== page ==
​The pic in this report tells a lot about current Chinese electric vehicle market, 10% of the produced electric vehicle do not have battery, another 20% either be stored or be purchased by customer but they never be put into service. Both the manufacturer and buyer still get bonus and tax exemption from the government, people saying the bonus and tax exemption is the driving force of increasing electric vehicle manufacturing, that's right. Can't blame Chinese government, but this could easily get out of control.

                      ​in Early of 2000's, we also heard that China is leading the Nano technology innovation, but it turns out many of the project are just fraud. And many local government were working with the people that commit the fraud to milk the money from Central government.
                        “要从产业链的上游也就是研发环节,对真正有技术含量的企业进行支持。还有就要对有严重质量问题或者欺骗行为的企业严惩。经历了这次大规模的骗补事件,实际上被取消资质的企业很少,而更加严苛的惩罚措施和退出

                      Comment


                      • #56
                        Originally posted by Basement_PLA View Post
                        http://www.sohu.com/a/114253146_256375

                        ​The pic in this report tells a lot about current Chinese electric vehicle market, 10% of the produced electric vehicle do not have battery, another 20% either be stored or be purchased by customer but they never be put into service. Both the manufacturer and buyer still get bonus and tax exemption from the government, people saying the bonus and tax exemption is the driving force of increasing electric vehicle manufacturing, that's right. Can't blame Chinese government, but this could easily get out of control.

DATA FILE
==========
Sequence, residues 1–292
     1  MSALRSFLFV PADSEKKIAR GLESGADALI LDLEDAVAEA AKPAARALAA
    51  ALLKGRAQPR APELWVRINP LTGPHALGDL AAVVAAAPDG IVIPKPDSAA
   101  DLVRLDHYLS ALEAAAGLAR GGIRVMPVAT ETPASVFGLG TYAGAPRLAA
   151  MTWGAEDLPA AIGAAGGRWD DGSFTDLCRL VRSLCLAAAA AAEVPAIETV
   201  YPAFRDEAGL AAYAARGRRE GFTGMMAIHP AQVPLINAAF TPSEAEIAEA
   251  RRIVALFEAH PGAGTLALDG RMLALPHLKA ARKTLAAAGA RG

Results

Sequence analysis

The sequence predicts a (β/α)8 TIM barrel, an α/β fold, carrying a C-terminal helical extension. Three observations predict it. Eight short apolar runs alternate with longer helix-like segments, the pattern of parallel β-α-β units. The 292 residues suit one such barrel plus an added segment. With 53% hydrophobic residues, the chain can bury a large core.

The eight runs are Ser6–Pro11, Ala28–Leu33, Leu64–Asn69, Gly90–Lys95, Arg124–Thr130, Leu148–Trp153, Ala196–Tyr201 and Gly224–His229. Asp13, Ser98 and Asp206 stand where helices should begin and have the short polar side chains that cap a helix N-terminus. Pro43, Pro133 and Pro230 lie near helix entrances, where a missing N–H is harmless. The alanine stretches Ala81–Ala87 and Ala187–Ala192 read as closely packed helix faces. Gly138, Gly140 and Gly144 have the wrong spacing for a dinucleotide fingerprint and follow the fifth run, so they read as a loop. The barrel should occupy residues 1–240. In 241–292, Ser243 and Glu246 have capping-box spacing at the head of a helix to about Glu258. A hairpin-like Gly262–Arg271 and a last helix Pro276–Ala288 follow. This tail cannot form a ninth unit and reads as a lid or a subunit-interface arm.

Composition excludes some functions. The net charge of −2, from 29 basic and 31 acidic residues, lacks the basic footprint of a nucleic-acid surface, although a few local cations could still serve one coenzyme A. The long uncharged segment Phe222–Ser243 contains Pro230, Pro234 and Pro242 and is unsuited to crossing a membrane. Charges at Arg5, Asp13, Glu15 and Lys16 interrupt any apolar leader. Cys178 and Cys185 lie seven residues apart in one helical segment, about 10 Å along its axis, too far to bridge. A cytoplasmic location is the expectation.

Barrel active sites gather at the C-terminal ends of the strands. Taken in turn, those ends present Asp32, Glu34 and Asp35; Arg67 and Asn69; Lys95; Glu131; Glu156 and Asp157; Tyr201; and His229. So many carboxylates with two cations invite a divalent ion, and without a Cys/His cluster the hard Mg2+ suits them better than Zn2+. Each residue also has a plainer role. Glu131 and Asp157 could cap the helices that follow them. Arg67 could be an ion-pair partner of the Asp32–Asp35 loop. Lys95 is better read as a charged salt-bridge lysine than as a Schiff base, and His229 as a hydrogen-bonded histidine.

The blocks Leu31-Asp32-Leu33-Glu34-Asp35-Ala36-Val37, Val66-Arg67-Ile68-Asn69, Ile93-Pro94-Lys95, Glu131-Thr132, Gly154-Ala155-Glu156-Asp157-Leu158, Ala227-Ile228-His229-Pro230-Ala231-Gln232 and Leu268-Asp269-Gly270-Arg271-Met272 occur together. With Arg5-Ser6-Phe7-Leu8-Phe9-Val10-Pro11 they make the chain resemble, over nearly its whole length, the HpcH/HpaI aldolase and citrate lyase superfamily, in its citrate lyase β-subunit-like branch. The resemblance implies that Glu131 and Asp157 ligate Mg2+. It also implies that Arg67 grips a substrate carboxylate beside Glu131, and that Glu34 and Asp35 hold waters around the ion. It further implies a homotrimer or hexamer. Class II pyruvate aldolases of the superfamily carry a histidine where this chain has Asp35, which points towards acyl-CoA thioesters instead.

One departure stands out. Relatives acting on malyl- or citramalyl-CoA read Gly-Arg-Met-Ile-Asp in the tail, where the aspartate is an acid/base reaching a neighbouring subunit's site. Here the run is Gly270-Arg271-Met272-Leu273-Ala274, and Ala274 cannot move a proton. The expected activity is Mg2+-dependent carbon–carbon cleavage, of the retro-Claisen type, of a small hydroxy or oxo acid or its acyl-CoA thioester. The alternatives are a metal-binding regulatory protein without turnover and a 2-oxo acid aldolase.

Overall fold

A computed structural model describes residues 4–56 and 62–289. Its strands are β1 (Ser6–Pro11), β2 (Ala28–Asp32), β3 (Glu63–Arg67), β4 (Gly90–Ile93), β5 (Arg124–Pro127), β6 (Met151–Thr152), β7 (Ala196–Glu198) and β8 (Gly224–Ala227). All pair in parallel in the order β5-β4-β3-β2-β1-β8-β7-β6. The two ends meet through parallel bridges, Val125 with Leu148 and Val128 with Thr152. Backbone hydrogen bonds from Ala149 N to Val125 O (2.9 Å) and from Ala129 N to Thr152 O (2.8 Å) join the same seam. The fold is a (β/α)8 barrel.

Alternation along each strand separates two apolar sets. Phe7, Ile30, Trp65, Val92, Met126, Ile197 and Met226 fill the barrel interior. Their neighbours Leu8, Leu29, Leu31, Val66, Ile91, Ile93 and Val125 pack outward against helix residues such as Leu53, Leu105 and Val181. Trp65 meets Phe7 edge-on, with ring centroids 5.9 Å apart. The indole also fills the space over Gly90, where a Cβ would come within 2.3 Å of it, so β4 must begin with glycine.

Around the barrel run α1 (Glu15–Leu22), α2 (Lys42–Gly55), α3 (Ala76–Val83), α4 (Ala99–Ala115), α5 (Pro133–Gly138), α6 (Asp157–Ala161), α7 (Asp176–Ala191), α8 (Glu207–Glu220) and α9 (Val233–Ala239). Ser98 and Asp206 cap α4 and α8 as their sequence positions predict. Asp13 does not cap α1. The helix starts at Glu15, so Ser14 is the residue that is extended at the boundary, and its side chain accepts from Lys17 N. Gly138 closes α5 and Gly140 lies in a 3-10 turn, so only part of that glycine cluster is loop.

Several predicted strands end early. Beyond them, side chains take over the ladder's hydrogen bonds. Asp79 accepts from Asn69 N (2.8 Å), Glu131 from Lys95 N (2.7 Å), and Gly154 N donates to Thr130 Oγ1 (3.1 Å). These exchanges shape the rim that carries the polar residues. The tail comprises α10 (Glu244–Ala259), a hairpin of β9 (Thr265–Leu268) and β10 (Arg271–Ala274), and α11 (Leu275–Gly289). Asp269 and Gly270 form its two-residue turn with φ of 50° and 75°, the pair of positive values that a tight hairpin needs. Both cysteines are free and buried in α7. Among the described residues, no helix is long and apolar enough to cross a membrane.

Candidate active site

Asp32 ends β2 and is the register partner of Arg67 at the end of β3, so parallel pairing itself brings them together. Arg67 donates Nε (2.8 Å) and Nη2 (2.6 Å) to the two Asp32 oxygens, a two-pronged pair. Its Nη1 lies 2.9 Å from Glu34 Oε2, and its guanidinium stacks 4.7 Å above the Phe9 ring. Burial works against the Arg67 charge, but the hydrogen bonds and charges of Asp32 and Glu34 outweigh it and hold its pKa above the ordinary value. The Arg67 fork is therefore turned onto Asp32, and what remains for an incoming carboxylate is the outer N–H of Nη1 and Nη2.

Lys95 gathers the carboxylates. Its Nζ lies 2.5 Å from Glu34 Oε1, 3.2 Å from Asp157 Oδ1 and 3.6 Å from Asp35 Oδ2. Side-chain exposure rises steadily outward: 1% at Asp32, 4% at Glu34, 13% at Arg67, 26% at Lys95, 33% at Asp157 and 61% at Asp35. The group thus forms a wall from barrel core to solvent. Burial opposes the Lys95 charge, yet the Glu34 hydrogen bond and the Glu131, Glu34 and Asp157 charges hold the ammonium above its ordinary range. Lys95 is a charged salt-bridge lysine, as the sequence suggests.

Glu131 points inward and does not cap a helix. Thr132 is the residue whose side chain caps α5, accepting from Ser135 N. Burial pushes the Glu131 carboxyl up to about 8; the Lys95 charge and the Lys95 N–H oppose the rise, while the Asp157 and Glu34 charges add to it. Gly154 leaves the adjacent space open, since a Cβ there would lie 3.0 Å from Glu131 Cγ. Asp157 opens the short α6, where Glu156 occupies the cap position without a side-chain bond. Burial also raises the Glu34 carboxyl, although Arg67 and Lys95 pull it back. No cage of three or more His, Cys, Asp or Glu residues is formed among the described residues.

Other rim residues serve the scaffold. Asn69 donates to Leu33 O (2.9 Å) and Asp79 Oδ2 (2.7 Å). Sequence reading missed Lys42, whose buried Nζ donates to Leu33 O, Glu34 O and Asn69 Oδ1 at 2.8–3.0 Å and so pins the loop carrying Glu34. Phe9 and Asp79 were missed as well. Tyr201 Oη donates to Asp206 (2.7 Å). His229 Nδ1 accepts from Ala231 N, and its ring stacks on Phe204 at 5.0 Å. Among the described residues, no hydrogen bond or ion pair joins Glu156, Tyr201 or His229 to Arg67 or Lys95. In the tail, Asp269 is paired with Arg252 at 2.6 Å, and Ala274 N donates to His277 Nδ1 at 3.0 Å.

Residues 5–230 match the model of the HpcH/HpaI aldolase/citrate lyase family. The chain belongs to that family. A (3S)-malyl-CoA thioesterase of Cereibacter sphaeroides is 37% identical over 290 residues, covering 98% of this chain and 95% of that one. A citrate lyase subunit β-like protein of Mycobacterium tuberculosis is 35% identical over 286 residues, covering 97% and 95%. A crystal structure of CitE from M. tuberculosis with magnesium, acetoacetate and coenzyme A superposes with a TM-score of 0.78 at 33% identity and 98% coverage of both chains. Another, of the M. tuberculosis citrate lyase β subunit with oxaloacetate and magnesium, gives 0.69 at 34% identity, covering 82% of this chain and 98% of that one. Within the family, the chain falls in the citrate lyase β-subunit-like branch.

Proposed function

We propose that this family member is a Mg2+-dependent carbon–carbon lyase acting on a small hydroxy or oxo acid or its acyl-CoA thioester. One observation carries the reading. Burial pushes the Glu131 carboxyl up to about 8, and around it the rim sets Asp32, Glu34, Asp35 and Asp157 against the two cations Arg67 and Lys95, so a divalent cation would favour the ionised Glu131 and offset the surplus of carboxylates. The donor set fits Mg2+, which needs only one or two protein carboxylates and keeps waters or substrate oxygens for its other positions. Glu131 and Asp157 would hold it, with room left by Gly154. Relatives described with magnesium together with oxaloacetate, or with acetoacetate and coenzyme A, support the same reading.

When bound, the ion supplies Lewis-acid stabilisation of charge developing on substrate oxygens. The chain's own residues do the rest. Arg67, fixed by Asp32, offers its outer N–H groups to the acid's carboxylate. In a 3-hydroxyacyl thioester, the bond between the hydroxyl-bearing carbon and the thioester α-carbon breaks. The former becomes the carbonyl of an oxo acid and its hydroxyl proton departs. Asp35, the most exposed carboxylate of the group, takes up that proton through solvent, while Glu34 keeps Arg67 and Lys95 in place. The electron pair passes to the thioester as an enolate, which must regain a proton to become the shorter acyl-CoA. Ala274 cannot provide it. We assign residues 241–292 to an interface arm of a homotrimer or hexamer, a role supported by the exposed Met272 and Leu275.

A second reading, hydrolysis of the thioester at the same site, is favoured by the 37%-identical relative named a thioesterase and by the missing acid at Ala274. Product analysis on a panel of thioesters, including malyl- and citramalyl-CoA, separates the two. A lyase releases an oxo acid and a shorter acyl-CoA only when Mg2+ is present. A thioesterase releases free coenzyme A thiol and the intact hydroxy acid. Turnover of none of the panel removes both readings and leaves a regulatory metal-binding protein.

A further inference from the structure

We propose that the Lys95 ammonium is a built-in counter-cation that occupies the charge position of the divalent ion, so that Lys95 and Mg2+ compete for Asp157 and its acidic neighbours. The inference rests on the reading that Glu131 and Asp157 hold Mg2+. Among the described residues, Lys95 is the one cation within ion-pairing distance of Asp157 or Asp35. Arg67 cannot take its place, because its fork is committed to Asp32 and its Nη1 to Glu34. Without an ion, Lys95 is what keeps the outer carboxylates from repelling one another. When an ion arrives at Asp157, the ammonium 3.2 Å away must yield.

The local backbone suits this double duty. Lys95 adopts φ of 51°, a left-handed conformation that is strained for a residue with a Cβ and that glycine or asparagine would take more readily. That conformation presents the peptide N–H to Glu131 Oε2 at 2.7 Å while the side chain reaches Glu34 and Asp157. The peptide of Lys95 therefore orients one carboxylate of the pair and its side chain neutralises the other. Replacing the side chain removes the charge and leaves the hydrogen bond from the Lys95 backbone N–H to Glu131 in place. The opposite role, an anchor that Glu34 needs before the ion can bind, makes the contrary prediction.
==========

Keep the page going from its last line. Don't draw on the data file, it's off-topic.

​in Early of 2000's, we also heard that China is leading the Nano technology innovation, but it turns out many of the project are just fraud. And many local government were working with the people that commit the fraud to milk the money from Central government.
                        Nice use of an adjective. What is "a lot"? Thank you for a Chinese article from 2016 which calls for reforms to address the problems. China was leading the "Nano technology innovation" in early 2000's? according to whom?